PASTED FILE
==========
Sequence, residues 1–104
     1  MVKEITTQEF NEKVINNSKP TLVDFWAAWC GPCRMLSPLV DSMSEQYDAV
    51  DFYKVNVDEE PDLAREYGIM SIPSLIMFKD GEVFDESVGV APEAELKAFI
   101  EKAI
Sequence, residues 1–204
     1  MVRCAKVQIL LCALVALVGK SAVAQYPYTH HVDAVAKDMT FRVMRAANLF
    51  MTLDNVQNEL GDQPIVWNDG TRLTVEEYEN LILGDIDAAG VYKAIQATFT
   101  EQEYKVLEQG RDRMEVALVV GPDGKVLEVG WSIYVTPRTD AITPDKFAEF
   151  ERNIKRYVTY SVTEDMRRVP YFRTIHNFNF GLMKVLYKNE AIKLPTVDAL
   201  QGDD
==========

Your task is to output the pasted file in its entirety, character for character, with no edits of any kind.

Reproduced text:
Sequence, residues 1–104
     1  MVKEITTQEF NEKVINNSKP TLVDFWAAWC GPCRMLSPLV DSMSEQYDAV
    51  DFYKVNVDEE PDLAREYGIM SIPSLIMFKD GEVFDESVGV APEAELKAFI
   101  EKAI
Sequence, residues 1–204
     1  MVRCAKVQIL LCALVALVGK SAVAQYPYTH HVDAVAKDMT FRVMRAANLF
    51  MTLDNVQNEL GDQPIVWNDG TRLTVEEYEN LILGDIDAAG VYKAIQATFT
   101  EQEYKVLEQG RDRMEVALVV GPDGKVLEVG WSIYVTPRTD AITPDKFAEF
   151  ERNIKRYVTY SVTEDMRRVP YFRTIHNFNF GLMKVLYKNE AIKLPTVDAL
   201  QGDD